NC - Beach Commission to Get 'State of the Beach' Report Monday
PINE KNOLL SHORES — The Carteret County Beach Commission will receive its annual “State of the Beach” report from its beach engineering firm Monday when it meets at 2 p.m. in the Pine Knoll Shores Town Hall and on Zoom.
The presentation by representatives from Moffatt & Nichol, the county’s beach engineering firm, will be detailed, but Greg Rudolph, manager of the County Shore Protection Office, outlined a few highlights in an email this week.
For example, he said, according to the engineers’ recent survey, Bogue Banks gained sand in the past year, even without considering the 2 million cubic yards placed on the beaches during the nourishment project completed in the spring.
The beaches lost millions of cubic yards of sand during and after Hurricane Florence in September 2018, Mr. Rudolph said, but it didn’t go very far, just downslope in the ocean.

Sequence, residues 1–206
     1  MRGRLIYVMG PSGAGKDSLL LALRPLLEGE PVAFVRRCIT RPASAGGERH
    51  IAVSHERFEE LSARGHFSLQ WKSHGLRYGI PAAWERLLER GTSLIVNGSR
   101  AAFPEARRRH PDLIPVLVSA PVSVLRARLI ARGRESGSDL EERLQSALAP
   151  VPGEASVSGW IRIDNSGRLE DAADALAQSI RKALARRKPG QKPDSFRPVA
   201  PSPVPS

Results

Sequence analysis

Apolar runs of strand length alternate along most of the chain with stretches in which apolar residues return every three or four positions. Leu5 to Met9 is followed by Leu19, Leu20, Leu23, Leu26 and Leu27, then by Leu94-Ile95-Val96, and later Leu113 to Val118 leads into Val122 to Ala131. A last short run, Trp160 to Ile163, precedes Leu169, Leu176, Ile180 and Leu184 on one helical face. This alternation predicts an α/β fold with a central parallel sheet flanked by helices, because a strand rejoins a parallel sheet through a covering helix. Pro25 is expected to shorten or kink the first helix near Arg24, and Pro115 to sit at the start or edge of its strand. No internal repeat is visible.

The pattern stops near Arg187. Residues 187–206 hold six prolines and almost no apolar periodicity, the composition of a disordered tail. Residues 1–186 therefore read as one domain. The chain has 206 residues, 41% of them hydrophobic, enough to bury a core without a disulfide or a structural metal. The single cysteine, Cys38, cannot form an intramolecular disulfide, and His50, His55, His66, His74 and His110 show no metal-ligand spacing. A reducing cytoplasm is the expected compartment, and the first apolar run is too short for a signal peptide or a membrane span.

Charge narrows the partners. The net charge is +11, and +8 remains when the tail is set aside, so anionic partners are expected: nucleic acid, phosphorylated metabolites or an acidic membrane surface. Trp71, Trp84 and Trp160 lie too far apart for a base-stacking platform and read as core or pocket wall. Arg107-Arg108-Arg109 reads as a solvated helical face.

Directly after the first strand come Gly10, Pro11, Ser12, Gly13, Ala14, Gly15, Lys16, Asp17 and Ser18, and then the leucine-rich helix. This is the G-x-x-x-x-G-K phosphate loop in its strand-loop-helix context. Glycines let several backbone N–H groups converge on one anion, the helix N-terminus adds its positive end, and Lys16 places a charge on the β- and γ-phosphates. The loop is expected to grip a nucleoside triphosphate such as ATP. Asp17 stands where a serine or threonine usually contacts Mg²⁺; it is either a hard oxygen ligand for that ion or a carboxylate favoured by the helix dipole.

“Well some of that sand in the past year has moved upslope above -12 feet sea level,” he said, putting it closer to the recreational beach. At that level, Mr. Rudolph said, it counts “as a gain” and a fairly sizeable one, possibly as much as a million cubic yards.
As a result, he said, “All of our reaches gained sand this past year regardless if they received nourishment or not, with two notable but not surprising exceptions, Emerald Isle East and Fort Macon (State Park), which is close to (Beaufort Inlet) and hasn’t been nourished in some time.”
“Reaches” are uniformly sized stretches, or transects, of beach the county uses to plan and execute nourishment projects and measure erosion and accretion. Emerald Isle East is roughly from the town line with Indian Beach through Emerald Isle’s numbered streets to the vehicle access ramp on Ocean Drive. Fort Macon beaches are expected to get nourished this winter as part of the periodic federal project to dredge and dispose of sand from the harbor at the State Port of Morehead City. Eastern Emerald is Bogue Banks’ erosion hotspot and is scheduled get sand this winter in a $32 million county-sponsored project.